Gullies on Mars: new discoveries about their origin

Mars is a mysterious planet that constantly attracts the attention of scientists. One of the most interesting features of this planet are the ravines that cut through the walls of impact craters. But how did they form? A study conducted by scientists from Brown University offers a new explanation for this phenomenon.

The researchers focused on Martian gullies, which are very similar to gullies formed on Earth by melting glaciers. They built a model that simulates conditions for the surface of Mars to warm above freezing temperatures, leading to periods of liquid water and melting ice.

One of the key factors affecting the formation of gullies is the tilt of Mars’ axis. When the planet tilts 35 degrees, the atmosphere becomes dense, which contributes to brief episodes of ice melt. Researchers compared their model data to periods in Mars’ history when gullies expanded rapidly.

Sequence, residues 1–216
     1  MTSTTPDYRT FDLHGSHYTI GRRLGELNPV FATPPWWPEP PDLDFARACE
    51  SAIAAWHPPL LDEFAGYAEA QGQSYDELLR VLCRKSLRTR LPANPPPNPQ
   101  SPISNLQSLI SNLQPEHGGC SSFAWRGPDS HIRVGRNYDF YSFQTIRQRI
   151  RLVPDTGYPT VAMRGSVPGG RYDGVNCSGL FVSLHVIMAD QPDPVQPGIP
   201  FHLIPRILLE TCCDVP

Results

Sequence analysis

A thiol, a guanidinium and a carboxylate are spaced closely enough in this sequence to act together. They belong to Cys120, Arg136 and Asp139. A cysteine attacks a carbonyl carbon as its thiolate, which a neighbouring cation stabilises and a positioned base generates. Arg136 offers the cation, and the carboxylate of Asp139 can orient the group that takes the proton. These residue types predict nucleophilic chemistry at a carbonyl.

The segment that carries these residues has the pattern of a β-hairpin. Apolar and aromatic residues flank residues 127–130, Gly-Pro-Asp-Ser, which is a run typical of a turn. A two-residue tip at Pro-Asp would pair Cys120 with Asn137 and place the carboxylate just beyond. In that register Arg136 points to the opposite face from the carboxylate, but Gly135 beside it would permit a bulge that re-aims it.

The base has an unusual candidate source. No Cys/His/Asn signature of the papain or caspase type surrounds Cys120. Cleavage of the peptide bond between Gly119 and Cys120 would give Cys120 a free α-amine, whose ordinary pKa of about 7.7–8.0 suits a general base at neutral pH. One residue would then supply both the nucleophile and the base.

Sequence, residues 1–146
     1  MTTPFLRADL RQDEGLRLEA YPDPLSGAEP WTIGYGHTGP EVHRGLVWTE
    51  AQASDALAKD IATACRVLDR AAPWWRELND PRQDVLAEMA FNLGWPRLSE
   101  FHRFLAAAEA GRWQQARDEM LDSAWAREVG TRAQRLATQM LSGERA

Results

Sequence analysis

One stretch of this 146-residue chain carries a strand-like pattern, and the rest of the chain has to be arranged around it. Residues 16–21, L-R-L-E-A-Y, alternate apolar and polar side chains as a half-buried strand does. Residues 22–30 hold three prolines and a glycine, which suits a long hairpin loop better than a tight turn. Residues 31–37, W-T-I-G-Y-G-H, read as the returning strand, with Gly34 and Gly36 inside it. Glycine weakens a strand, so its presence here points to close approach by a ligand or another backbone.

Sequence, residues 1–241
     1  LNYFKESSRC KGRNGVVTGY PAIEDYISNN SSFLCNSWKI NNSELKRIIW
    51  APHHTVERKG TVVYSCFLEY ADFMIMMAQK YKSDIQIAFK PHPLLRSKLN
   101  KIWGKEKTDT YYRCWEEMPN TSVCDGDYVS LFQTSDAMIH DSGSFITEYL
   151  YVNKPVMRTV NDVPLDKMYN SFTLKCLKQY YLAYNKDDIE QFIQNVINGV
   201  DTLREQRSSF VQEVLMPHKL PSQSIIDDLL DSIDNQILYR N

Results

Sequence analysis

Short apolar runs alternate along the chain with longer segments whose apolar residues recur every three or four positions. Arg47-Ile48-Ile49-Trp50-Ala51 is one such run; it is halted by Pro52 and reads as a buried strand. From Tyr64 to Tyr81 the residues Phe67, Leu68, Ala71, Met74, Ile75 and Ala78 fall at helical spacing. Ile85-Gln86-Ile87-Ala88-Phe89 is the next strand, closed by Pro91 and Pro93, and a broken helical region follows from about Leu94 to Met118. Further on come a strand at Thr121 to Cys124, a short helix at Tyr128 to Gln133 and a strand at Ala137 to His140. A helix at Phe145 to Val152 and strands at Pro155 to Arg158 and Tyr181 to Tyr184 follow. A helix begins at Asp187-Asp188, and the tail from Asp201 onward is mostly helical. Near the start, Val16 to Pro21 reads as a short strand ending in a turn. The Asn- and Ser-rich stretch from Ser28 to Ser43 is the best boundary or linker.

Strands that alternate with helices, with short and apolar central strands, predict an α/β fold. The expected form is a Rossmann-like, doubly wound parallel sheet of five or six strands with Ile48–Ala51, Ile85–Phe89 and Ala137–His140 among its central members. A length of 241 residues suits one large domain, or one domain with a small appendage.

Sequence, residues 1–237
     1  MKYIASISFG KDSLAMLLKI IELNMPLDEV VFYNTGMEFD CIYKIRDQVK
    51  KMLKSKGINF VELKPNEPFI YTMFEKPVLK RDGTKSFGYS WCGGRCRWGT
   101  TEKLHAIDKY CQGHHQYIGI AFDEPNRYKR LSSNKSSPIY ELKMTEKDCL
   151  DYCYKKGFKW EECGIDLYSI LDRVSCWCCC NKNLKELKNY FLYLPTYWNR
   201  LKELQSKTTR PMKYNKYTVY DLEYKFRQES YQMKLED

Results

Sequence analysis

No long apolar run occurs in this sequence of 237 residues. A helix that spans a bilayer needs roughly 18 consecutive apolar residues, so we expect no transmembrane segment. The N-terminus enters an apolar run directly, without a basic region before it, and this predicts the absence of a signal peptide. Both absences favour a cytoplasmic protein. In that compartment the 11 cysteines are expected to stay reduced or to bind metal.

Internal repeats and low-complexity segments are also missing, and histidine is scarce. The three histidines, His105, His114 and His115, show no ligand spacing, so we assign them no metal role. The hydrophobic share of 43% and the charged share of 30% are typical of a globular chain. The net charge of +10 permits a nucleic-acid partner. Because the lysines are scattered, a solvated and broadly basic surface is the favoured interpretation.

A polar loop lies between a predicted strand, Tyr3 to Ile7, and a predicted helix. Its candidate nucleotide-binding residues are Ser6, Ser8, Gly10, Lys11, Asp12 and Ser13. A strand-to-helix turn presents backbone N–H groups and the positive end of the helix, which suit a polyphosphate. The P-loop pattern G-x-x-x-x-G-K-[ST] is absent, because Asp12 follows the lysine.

“We know from our research that early in the history of Mars, there was flowing water on the surface with valleys and lakes. But about 3 billion years ago, all that liquid water was lost, and Mars became a super-arid desert. But our study shows that even after that and in the recent past, Mars warmed up enough to melt snow and ice, bringing liquid water back,” says Jim Head, professor of geological sciences at Brown.

The findings help fill gaps in information about the origins of the gullies. Scientists now know that gully formation is related to periods of ice melt and carbon dioxide evaporation at different times of the year. They have also found that these events have occurred repeatedly over the past few million years, most recently about 630,000 years ago.

This discovery has important implications for understanding climate change on Mars and its potential to support life. Although the planet is now considered a super-arid desert, its past may be more encouraging. The study shows that Mars had periods with warm water and opportunities for life to develop.

“Our work helps us better understand Mars’ past and its potential to support life. We continue to explore this amazing planet and hope to uncover even more of its secrets,” notes Jim Head.

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